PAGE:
|I wish I had a picture of Lillian herself and not just her gravestone.|
Lillian was born in Keyport in 1873 to John Winterton (1831-1890) and Sophia Walling (1835-1906). Her grave marker is shared with her parents.
In the New Jersey State Census for 1905, Lillian is enumerated with her mother in Monmouth County.
I had her death certificate, but had not posted it to the family tree. Often we forget to pursue siblings of our ancestors, especially when they had no offspring. But they, too, influence our family history.
According to Lillian's death certificate, she died at the Home for Incurables in Newark, Essex County, New Jersey. The doctor, Sarah R Mead, attended Lillian from 1909 until Lillian's death in 1918.
A book had a description of this institute for the care of women with incurable diseases. Lillian's death was caused by endocarditis, myocarditis, and arthritis deformans. Dr Mead was a visiting physician.
The Home for Incurables at 102 Court Street in Newark was enumerated in the 1910 federal census. "Ellen Winterton," age 36, was a patient. This is probably Lillian.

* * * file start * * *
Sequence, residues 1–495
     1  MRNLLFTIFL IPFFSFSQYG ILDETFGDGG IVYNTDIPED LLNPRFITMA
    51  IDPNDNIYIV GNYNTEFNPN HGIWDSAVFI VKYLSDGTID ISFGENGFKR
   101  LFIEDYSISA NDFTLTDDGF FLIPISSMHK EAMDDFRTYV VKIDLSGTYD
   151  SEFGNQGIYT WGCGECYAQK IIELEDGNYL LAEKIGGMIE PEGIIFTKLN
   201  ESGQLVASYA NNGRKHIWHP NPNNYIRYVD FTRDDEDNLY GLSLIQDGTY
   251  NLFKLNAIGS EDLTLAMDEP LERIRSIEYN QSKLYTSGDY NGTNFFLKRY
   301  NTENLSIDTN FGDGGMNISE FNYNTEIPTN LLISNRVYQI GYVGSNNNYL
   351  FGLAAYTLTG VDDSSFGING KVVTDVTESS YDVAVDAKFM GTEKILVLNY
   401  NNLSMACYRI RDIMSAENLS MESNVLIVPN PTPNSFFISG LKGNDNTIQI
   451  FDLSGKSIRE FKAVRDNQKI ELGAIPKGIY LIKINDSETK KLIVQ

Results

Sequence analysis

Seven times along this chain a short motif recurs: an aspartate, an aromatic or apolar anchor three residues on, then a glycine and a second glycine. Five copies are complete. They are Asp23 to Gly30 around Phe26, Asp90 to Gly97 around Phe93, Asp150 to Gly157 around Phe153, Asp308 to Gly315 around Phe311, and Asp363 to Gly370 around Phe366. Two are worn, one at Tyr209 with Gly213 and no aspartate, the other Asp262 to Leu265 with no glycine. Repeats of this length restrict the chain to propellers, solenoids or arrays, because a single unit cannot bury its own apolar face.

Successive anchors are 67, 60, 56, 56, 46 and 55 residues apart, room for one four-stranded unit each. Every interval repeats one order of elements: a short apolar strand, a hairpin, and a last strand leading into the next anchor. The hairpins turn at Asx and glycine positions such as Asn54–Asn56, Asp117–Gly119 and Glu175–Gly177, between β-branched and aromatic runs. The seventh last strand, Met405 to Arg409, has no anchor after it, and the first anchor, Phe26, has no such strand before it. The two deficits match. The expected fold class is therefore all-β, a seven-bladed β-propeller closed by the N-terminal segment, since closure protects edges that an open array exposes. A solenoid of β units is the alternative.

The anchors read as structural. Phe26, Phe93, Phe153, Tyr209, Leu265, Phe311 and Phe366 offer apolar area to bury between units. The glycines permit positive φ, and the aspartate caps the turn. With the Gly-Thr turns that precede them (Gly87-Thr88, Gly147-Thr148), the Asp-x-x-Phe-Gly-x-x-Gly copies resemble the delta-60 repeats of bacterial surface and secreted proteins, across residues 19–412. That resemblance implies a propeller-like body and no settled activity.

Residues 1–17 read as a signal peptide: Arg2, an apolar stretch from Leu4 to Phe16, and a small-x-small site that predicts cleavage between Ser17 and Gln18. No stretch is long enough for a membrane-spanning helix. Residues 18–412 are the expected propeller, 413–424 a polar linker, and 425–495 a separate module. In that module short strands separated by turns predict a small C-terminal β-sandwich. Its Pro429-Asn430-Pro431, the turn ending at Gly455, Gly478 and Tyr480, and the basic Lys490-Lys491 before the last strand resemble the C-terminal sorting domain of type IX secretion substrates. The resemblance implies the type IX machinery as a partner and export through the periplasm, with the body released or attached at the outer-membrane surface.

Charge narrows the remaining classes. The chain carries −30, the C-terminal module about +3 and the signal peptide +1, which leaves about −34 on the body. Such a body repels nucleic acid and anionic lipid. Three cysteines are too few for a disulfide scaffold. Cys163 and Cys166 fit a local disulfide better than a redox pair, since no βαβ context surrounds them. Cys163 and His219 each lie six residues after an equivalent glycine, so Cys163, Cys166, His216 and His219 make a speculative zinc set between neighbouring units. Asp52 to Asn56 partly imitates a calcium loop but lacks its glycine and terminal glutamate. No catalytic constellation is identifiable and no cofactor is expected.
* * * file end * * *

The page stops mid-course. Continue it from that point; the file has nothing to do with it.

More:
|Winterton Ellen, Patient, Female, White, age 36, Single.|
By the 1905 New Jersey state census, Lillian's brother, William Winterton, had already moved to Newark. Perhaps the death of Lillian and William's mother in 1906 necessitated Lillian moving into a facility to care for her physically and since brother William had already relocated to Newark, Lillian moved there as well.
We don't know much about this Aunt Lillian. We can only have a glimpse of her through scant documents to formulate an idea about her life with "incurable" illnesses and the effect on her and the family.